Teach Middle East Magazine Jan-Feb 2018 Issue 3 Volume 5 - Page 18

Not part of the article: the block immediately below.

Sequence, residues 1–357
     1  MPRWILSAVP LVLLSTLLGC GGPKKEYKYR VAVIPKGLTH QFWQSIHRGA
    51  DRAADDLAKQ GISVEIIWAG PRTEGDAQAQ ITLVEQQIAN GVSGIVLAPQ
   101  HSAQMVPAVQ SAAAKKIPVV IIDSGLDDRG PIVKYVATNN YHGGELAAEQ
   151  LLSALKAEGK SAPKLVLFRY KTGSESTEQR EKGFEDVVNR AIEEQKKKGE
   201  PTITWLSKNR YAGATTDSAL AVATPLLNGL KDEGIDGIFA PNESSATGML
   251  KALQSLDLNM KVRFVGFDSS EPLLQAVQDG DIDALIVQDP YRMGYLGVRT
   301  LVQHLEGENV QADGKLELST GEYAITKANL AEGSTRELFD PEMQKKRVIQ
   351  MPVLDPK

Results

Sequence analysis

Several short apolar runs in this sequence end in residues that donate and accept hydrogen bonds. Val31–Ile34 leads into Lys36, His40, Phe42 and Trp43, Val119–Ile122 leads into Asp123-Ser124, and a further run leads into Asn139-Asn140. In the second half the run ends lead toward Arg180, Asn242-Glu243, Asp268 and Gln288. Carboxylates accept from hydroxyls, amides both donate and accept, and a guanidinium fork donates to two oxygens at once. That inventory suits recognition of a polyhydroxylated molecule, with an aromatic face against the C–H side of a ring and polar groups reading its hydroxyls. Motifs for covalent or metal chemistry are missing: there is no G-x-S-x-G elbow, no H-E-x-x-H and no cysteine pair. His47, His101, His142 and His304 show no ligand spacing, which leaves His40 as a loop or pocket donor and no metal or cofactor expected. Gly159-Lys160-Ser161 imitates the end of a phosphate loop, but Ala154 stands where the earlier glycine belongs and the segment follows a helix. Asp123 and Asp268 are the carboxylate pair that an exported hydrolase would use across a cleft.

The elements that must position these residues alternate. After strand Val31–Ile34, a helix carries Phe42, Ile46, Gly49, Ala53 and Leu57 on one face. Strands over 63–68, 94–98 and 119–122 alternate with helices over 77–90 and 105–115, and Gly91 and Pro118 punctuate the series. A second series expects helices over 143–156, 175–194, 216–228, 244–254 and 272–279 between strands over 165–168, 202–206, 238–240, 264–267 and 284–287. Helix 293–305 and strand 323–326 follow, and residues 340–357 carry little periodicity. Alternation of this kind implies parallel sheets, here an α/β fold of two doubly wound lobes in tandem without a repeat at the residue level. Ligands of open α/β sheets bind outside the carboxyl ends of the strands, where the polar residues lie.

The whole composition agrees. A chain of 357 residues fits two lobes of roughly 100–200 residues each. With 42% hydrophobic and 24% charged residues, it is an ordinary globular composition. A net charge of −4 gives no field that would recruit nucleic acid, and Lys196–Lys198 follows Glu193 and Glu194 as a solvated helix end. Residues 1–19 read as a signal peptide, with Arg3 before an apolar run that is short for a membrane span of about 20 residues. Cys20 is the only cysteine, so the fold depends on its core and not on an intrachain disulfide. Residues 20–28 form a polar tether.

Sharing Good Practice HOW DO WE INSTILL AN IDEA OF RISK TAKING AND STRUGGLE WITH MATHS? BY MAARIT ROSSI N owadays I often hear that students can hardly concentrate more than 15 minutes! There are so many interesting things happening outside the school, is it that students are unable to concentrate or is it that they are choosing to concentrate on things outside of the formal learning environment? We talk about informal learning and how it has a big role in student’s life. We need to harness the power of informal learning so that it compliments formal learning. In PISA (2016), students were asked about the frequency with which their teachers use student-oriented or teacher-directed strategies in their lessons. Findings indicate that today, teacher-directed practices are used widely. Formal and Informal learning How do we do a better job of encouraging students’ failures rather than using their mistakes against them? The math lesson at school needs to be a very safe place to make mistakes. At best, mistakes can lead to very meaningful discussions about different ways of thinking and the students learn to listen to each other. It’s a good experience to see that by making mistakes, you sometimes learn even more than just using the traditional ways of working. If the mistakes are dealt with in constructive ways, they can strengthen and encourage the students to try new approaches. PISA (2016) showed that the students’ positive attitude towards mathematics and the trust in their own capability, is connected with their ability to solve problems. Formal learning is the learning happening in the school. In many instances the way this learning takes place has not changed in decades. The students still sit in rows, paying attention to the one teacher at the front of the room, who is trying to deliver the content, one lesson at a time. Yes, the structure of a math lesson seems to be very fixed and similar all over the world. In a mathematics classroom, too many concepts are taught by telling and writing the rules and formulas. Who talks in the classroom? How many questions do students ask in a lesson? Some research says that zero- point-two. Further to this, most of the questions seem to be answered in less than one second. Most being yes-no answers. Teachers may talk for 90% of the lesson! 16 | Jan - Feb 2018 | | It seems that we still have a lot to do, so that students learn to notice that success can be achieved by everyone. Classroom needs to be a safe place to make mistakes Class Time Embracing uncertainty in the mathematics classroom We need to change a lot of the methods used in the teaching of mathematics. With any change comes uncertainty, and so the teacher and the students need to be comfortable in taking risks. The regular scenarios of the teacher being in front of the classroom, showing how to work with the new concept and students repeating similar ones in similar ways, is outdated and should be changed. What if students are active and are given the opportunity to test their ideas and make mistakes, as part of the learning process. Think of the possibilities. From one answer to many answers It is important to go through different solutions to the problems. Students see that there can be more than one way to solve a problem. It is also important to show problems which have more than one solution. Just like in real life! *OECD (2016), Ten Questions for Mathematics Teachers ... and how PISA can help answer them, PISA, OECD Publishing, Paris, http://dx.doi. org/10.1787/9789264265387-en Mrs. Rossi is a Math teacher, principal and CEO of Paths to Math Ltd. She was one of the top 10 finalists in Global Teacher Prize 2016. She is one of the Top Teacher Bloggers in The Global Search for Education by C M Rubin. Twitter: @ pathstomath & www.pathstomath.com